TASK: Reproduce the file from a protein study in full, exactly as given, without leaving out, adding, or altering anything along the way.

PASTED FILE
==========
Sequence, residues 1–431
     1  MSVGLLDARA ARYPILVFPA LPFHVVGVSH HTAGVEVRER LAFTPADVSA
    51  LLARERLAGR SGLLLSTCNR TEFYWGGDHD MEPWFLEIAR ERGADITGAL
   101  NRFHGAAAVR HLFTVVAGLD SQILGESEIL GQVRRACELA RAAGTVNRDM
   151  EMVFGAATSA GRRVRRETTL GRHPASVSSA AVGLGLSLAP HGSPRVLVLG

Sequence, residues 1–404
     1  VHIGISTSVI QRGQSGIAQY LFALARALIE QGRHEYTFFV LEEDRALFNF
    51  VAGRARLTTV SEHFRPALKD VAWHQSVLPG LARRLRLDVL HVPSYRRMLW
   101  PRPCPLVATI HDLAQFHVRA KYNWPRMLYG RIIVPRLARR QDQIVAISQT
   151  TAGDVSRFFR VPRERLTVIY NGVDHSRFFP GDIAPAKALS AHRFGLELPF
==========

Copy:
Sequence, residues 1–431
     1  MSVGLLDARA ARYPILVFPA LPFHVVGVSH HTAGVEVRER LAFTPADVSA
    51  LLARERLAGR SGLLLSTCNR TEFYWGGDHD MEPWFLEIAR ERGADITGAL
   101  NRFHGAAAVR HLFTVVAGLD SQILGESEIL GQVRRACELA RAAGTVNRDM
   151  EMVFGAATSA GRRVRRETTL GRHPASVSSA AVGLGLSLAP HGSPRVLVLG

Sequence, residues 1–404
     1  VHIGISTSVI QRGQSGIAQY LFALARALIE QGRHEYTFFV LEEDRALFNF
    51  VAGRARLTTV SEHFRPALKD VAWHQSVLPG LARRLRLDVL HVPSYRRMLW
   101  PRPCPLVATI HDLAQFHVRA KYNWPRMLYG RIIVPRLARR QDQIVAISQT
   151  TAGDVSRFFR VPRERLTVIY NGVDHSRFFP GDIAPAKALS AHRFGLELPF